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Surgery Essay

Describe the types of


staphylococcal infections
encountered in surgical practice
and outline their treatment.
Normal body flora is usually involved in infections in surgical
patients. Staphylococci are such organisms: normal
commensals of the skin, oropharynx and nasopharynx.

Staphylococcus aureus is an important pathogen in many


surgical infections such as wound infections and device related
infections. The latter include infections of indwelling catheters
and prosthetic joints. Due to its coagulase enzyme, plasma is
coagulated, resulting in fibrin deposition which interferes with
phagocytosis and increase the ability of the organism to invade
tissues causing septicaemia, including infective endocarditis,
deep abscess in the brain, liver and spleen and toxic shock
syndrome (TSS). TSS is due to the ability of the staphylococcus
aureus to produce enterotoxins, which bind to cytokines
causing TSS.

Coagulase negative effectively means non Staphylococcus


aureus staphylococci, for example Staphylococcus epidermis.
These are usually dismissed as contaminants, but they are
increasingly the cause of line and prosthesis infections,
particularly in imuunocompromised patients. The organism
colonizes plastic devices by attaching firmly to artificial
surfaces. Some strains also produce a slime layer, glycocalyx,
which appears to facilitate adhesion and protect organisms

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Surgery Essay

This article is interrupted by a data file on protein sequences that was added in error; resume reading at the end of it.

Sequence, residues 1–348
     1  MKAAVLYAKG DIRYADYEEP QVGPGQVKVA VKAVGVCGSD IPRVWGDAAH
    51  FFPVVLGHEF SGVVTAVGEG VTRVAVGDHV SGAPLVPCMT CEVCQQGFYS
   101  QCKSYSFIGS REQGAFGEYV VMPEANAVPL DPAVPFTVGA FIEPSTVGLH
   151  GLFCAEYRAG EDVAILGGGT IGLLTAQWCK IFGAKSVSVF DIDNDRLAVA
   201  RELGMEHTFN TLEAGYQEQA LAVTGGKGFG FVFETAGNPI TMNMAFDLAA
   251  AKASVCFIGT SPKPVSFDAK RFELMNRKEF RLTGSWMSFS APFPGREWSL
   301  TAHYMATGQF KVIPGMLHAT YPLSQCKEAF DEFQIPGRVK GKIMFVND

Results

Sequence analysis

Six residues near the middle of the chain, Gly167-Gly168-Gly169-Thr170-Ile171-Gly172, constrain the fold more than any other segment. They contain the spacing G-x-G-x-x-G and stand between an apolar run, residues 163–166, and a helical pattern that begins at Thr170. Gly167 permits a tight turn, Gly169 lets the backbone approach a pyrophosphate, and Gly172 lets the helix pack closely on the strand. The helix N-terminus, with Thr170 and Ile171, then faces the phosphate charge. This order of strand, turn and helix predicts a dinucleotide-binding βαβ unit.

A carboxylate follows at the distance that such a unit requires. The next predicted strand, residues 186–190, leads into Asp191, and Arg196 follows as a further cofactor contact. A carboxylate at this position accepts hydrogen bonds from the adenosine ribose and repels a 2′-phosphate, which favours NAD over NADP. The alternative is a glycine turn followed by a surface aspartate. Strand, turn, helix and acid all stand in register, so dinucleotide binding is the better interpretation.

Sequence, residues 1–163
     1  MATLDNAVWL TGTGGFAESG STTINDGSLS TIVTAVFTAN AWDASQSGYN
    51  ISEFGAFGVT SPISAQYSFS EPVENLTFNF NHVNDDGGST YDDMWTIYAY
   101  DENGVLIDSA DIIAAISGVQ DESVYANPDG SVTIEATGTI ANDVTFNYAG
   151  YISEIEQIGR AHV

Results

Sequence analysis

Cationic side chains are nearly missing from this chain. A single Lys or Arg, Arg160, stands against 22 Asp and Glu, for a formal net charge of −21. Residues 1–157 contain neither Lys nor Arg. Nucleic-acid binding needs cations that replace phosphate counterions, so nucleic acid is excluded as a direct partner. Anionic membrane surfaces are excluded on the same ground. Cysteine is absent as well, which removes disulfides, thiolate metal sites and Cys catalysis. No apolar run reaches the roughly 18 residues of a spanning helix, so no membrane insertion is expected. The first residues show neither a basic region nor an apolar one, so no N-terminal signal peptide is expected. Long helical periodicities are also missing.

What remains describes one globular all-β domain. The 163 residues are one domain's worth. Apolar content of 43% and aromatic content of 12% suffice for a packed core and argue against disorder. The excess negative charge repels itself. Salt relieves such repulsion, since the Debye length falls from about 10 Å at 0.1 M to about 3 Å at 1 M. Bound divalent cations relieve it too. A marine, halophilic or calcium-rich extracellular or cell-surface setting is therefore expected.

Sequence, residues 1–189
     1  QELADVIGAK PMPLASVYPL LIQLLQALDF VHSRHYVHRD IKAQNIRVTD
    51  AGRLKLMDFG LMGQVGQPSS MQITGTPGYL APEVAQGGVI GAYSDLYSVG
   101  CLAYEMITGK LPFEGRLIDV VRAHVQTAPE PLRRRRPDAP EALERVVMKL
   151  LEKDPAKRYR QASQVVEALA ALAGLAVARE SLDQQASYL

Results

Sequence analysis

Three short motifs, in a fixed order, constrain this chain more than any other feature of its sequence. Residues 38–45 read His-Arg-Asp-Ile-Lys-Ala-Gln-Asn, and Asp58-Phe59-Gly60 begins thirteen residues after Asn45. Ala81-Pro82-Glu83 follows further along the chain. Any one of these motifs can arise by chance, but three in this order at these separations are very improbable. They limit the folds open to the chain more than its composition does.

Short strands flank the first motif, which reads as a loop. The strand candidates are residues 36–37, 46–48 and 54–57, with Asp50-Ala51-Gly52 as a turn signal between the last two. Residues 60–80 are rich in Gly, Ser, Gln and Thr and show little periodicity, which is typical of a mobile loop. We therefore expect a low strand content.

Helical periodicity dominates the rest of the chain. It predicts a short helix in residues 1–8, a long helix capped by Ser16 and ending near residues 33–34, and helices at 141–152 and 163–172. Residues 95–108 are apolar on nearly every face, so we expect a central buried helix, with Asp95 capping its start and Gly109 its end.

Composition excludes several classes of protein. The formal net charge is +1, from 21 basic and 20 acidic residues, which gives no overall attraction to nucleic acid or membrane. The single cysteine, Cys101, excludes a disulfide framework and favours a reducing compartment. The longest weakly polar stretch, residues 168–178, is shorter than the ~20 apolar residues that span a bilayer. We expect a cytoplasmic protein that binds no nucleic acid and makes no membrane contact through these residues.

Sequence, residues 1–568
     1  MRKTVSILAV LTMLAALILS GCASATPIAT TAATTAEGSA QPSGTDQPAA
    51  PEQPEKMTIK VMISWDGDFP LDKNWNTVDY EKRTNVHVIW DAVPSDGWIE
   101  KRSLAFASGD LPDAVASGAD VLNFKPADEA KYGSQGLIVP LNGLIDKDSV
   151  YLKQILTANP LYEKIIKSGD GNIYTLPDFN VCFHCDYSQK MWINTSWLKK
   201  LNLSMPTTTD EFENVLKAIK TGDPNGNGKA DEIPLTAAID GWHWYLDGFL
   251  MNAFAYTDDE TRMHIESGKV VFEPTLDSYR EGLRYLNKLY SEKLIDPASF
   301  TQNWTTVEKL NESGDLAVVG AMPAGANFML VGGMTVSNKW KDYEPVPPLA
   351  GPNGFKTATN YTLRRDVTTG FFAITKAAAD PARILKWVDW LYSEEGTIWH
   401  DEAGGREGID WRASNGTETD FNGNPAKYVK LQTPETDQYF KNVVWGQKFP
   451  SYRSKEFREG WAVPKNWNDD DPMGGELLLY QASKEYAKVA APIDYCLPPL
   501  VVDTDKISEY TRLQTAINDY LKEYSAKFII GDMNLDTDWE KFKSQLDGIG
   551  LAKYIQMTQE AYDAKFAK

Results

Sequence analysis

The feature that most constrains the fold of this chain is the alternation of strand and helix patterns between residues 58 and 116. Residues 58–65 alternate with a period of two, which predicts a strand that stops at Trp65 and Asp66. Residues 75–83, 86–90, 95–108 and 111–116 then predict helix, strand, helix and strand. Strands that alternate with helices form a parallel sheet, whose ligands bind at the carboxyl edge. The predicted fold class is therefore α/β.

from antibiotics and host defences. Staphylococcus epidermis


infection may cause bacterial endocarditis especially in people
with prosthetic heart valves.

The treatment of staphylococci includes second generation


cephalosporins such as cefuroxime. This is given mostly
intravenously and has a very broad spectrum against both
gram positive and negative bacteria. Gentamycin, an
aminoglycoside is another good option. Penecillins such as
benzylpenecillin and co-amoxiclav are now insensitive. As
antiseptics, chlorhexadine and povidone-iodine are sensitive.

Methicillin- resistant Staphylococcus aureus (MRSA) is


resistant to all cephalosporins. Advancing age lengthy
hospitalization, stays in ITU, chronic illness, prior and prolonged
antibiotic therapy are all risk factors for infection. Patients will
present with a pneumonia, surgical site infection, intra-
abdominal sepsis and toxic shock syndrome. In these patients,
vancomycin is the antibiotic of choice. Teicoplanin is used if the
organism is insensitive to vancomycin. Flucloxacilin may also
be used against MRSA.

17/01/09